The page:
A leading candidate for the location of these so-called 'missing ' is the warm-hot intergalactic medium or WHIM. The WHIM is the baryonic component of the , a filamentary network of both dark and baryonic matter that is believed to pervade the Universe. of the formation of predict that galaxies and galaxy clusters are embedded in the cosmic web, and that the WHIM might account for most of the baryonic matter in the local Universe. This network of tenuous gas ranges in temperature from 100,000 to several tens of millions of K and due to its extremely low density has proved very hard to detect.

In the past decade, astronomers have started to collect evidence supporting the WHIM hypothesis, mainly via X-ray observations and optical/ultraviolet spectroscopy. A recent study using data from ESA's Planck satellite has brought a new insight to the debate, opening a new spectral window for the study of the missing baryons based on observations at microwave and sub-millimetre wavelengths.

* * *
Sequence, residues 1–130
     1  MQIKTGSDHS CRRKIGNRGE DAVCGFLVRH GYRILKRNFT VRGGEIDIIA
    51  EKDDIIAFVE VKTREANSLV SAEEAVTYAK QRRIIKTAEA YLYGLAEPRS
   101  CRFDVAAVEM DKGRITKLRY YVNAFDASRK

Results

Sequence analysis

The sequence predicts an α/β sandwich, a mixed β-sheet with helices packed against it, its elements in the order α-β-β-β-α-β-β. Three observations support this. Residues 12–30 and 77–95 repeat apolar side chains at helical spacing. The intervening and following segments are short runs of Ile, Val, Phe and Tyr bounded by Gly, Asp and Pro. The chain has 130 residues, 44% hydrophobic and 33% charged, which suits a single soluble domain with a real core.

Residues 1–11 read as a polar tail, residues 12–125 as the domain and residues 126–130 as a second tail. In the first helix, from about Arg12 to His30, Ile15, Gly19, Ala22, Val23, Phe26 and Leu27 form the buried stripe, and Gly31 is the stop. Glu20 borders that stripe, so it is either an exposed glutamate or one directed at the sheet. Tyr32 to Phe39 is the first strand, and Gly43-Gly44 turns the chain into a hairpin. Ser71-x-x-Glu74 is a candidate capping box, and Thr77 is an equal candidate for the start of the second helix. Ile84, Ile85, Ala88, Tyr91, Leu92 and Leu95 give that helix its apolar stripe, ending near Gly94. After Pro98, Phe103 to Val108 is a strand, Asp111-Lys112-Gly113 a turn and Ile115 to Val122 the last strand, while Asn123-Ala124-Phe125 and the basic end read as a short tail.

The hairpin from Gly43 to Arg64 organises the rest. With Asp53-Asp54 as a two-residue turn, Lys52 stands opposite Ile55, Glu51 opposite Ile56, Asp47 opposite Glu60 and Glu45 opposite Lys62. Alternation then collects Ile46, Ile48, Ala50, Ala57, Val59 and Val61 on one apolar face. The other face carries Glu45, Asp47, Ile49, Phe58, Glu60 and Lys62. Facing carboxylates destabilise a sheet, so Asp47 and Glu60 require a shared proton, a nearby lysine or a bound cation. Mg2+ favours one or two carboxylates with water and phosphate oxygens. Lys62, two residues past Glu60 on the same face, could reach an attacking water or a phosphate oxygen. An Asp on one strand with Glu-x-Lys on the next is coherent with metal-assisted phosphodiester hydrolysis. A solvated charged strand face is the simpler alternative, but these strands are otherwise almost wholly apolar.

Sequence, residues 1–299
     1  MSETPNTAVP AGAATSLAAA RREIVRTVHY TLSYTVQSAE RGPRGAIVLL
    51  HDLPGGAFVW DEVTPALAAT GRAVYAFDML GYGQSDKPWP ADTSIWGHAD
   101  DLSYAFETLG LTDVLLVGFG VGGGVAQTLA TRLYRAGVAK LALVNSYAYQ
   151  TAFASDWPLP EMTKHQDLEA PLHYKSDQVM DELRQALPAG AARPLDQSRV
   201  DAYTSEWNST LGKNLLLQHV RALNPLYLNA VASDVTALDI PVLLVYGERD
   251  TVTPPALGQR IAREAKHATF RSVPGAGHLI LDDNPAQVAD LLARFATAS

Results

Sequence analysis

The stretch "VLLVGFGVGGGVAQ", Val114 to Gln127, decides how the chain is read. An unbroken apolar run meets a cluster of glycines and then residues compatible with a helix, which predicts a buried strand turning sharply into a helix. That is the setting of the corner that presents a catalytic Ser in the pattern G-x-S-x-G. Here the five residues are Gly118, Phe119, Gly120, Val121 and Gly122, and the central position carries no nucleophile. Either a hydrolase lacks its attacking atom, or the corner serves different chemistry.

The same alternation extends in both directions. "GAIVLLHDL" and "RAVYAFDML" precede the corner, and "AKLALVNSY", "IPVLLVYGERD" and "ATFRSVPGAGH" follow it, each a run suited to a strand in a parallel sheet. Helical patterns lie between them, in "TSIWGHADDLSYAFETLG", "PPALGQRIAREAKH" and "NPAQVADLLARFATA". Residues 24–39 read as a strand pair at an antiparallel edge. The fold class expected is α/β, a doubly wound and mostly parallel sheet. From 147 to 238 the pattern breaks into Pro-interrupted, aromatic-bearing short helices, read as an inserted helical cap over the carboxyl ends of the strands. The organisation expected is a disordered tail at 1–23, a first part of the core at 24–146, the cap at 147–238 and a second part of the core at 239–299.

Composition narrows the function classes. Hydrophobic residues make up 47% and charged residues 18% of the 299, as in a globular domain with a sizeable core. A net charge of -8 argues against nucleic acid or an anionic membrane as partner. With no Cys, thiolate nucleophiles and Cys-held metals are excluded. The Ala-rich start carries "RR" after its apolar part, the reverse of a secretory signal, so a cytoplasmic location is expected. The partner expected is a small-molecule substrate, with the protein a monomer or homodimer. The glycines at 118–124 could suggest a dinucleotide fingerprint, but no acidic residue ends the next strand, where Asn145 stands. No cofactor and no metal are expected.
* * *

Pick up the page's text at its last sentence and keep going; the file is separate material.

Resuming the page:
"Although the WHIM is mainly organised in long and diffuse , we expect to find it also in the proximity to galaxy clusters, which are the largest gravitationally-bound structures in the Universe," explains José M. Diego, a Planck Collaboration scientist from the Instituto de Fisica de Cantabria (UC-CSIC) in Santander, Spain.

Planck spots hot gas bridging galaxy cluster pair
This image shows how matter in the Universe is arranged on very large scales, forming a wispy network of clusters, filaments and voids known as the cosmic web. This image was extracted from a numerical simulation of the formation and evolution of cosmic structure. The colour scale indicates the density of gas in the cosmic web: blue indicates regions where the density is lower than average, whereas white and red correspond to increasingly denser structures. Galaxy clusters form at the densest knots in this network, where filaments intersect. The temperature of gas is higher in the denser portions of the cosmic web, ranging from about a million K in the blue regions to tens of millions of K in the white regions and hundreds of millions of K in the red regions. The image shows a portion of the cosmic web that spans almost 900 millions of light-years across. Credit: Klaus Dolag, Universitäts-Sternwarte